Fighting the panic building in his system, the younger man reached into his coat pocket for his matchbox. Slowly, he brought it out as the wolves watched him, curious. He pulled one out, nearly dropping the entire box with his stumbling fingers.

With a quick swipe, the flame burst into life, illuminating the darkening sky. The harsh light cast eerie shadows on the road, and the wolves looked curiously at the fire. The first wolf, clearly the alpha, perked its ears. The young man drew their attention with the match and then with a yell, he threw it into the forest.

The pack of wolves barked and raced toward the fire as the priest burst into a run down the road, leaving the old man behind. He sprinted for his life, knowing that his distraction would not save him a second time should the wolves return. The traveller almost felt bad for the old man that he had left behind, but he knew that turning back would be futile with the stranger as dead weight.

With an oomph, the traveller tripped on a branch and fell to the ground with a loud thump. Grimacing, he staggered to his feet with a gasp of pain. His ankle was twisted. He stumbled on, before he fell to the ground again. He looked around at the forest. All around, him small points of light had appeared, paired together. They burned with an unearthly color, utterly inhuman. Then he realized that the pinpoints of light were directed at him. They weren’t light. They felt like eyes.

These were no human eyes that stared at him. No, they were the eyes of something far older and far more penetrating than anything that could ever be defined as human. They stared into the young man, and they didn’t care for sacraments or morals or personality or what time of the day it was or how the sports team was doing. No, they were looking into his eyes for something else. They were looking for something hungrily.

All around the forest, dry rasping laughs pierced through all the other sounds in the night. They surrounded the young man as he clambered back to his feet and tried to limp on, screaming in fear, and desperately praying with all his might. His heart froze solid as the cold seeped into the area, as if heat itself recoiled at the sound of the laughs.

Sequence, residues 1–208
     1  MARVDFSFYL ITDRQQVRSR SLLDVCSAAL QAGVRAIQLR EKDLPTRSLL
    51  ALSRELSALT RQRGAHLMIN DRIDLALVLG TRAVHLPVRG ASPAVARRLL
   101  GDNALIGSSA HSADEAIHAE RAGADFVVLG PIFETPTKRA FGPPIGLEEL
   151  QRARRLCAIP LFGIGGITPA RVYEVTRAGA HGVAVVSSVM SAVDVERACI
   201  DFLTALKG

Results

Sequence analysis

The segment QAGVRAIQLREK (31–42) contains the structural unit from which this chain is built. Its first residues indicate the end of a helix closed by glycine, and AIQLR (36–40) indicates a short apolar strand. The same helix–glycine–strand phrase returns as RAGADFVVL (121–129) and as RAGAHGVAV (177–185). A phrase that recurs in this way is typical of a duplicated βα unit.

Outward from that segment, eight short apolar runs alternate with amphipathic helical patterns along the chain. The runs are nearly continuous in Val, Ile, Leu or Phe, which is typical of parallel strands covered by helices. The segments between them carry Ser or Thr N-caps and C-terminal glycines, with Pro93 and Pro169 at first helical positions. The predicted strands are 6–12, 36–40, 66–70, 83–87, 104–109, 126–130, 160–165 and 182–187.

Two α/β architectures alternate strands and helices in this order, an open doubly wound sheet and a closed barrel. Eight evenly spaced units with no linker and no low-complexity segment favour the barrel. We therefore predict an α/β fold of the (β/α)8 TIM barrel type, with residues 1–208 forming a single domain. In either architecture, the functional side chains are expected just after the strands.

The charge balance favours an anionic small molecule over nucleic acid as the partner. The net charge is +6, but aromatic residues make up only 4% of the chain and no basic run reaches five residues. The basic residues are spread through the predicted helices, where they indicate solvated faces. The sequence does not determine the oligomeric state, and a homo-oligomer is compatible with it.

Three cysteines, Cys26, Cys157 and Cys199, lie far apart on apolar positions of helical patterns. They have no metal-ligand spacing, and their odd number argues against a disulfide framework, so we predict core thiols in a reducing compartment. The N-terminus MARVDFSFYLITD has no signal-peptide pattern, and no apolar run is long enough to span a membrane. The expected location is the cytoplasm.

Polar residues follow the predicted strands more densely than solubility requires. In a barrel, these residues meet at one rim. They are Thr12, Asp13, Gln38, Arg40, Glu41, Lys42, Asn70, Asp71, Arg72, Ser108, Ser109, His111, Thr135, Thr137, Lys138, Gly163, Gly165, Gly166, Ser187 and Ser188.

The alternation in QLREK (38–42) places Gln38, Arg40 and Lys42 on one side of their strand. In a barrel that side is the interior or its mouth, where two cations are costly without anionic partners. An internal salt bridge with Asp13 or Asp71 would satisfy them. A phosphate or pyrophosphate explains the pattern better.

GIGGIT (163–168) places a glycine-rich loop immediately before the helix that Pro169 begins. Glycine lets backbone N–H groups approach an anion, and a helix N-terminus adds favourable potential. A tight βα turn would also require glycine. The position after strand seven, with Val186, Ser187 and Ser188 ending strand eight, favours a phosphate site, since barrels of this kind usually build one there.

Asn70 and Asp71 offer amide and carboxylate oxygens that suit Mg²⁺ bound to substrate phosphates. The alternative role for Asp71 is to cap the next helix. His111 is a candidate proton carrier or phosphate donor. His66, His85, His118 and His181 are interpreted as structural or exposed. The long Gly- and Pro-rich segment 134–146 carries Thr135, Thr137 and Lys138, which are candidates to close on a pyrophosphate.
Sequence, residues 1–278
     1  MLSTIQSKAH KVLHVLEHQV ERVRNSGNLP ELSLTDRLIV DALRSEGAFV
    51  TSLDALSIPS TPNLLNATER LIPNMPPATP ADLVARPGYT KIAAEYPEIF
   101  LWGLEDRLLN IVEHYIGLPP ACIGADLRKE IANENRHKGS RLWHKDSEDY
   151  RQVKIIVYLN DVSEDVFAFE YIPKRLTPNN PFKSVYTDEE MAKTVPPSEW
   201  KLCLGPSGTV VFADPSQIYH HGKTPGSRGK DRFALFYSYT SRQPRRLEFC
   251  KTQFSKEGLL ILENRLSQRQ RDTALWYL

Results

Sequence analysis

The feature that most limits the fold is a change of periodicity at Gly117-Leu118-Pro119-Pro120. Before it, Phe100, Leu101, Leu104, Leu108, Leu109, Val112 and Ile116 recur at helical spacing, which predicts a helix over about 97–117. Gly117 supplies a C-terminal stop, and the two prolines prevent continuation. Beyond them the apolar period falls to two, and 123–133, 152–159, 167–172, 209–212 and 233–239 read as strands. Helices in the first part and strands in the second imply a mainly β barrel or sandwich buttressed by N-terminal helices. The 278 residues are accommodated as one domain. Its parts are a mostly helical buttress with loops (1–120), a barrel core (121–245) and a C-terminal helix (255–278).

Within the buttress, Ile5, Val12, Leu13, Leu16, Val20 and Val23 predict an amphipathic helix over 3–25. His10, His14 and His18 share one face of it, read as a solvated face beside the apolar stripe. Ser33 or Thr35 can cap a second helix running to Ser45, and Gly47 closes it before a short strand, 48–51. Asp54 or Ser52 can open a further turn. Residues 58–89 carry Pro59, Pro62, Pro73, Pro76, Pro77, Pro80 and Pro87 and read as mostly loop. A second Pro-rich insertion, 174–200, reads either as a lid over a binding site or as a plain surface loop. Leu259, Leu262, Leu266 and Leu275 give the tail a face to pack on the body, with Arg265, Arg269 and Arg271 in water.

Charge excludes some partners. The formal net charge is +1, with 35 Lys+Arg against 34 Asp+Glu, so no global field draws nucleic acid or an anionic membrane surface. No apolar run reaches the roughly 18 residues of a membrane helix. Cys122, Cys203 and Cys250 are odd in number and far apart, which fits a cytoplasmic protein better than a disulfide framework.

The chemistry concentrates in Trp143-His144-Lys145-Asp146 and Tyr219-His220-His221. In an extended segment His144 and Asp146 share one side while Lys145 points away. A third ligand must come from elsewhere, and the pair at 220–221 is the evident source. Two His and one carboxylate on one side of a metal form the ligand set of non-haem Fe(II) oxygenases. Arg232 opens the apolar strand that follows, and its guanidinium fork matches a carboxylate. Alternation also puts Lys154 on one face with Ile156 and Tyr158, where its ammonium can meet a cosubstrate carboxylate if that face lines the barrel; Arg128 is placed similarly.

The young man was gasping, dragging himself along as the laughs of the forest surrounded and engulfed him. The points of light performed a danse macabre, whirling and flying through the air and the woods, still cackling with some unearthly delight.

The traveller fell to the ground one more time, and he could move no farther.

Then, an approaching light came from behind him. It became larger and larger, and the exhausted young man sat up.

It was the old man, carrying a torch and walking onwards with a jaunty air and singing his song. He strode over to the priest, a smile on his face, and a whistle in his voice.

“So! The old folk scared you good, huh? Still don’t believe in ‘em now?”

“I-I do. Thank God you came. How did you get away from the wolves?”

“Oh, those mangy dogs don’t touch me no more, not since I showed them who to be afraid of around here. You hurt?” The old man peered at the young man.

“Yes. I tripped and twisted my ankle back there. I need help walking, I think.” The priest’s face twisted in pain.

“That so? Well, have some of this. It’ll help with the pain. Chew ‘em up and eat ‘em.” The old man probed through his pocket, and then came up with a small wad of leaves. He pushed them into the hands of the priest, who popped them into his mouth gratefully.

“It’s an old man’s cure, heh. The old folk are lively today, and cold, so’s I think.” The old man sat on the ground, torch in hand and cane by side. He pulled a pipe out of his coat pocket and stuffed it with tobacco. He sat on the ground, quietly smoking his pipe for a moment. He glanced up at the priest.

“The old folk should get warm, don’t you think? They deserve some respect. It’s getting harder and harder to find some heat around here with nobody coming around anymore. But I think you’ll do, huh? You look like you could warm them up some.”

The priest did not respond. He sat frozen in the same position that he had been in when he swallowed the leaves the old man had offered. His entire body sat rigidly, unable to move anything but his eyes.

“Used to be that I could get on by through these woods without the old folk troublin’ me, but they been hungry and cold lately. And so’s I said, they don’t take too kindly to strangers. Maybe they’ll like you more.” The old man stood up slowly, a small ember falling from his pipe onto the ground. The old man doffed his hat to the statuesque young man, who could only watch as the stranger tapped out the beat as he walked down the road, still singing his song.

“I got to keep moving, I got to keep moving….hellhound on my trail.”

The sounds and the light of the torch eventually became dimmer and dimmer as the young man still sat in his frozen position, until they dwindled away to nothing. He remained in his position, utterly paralyzed.

The small ember burned away on the ground near the young man’s foot. It carried a small prick of light and bare heat that faintly ebbed with life, until it too went away.

The light started to drain from the young man as he began to feel very, very cold.

He was still there when they came for him.

Unless otherwise stated, the content of this page is licensed under Creative Commons Attribution-ShareAlike 3.0 License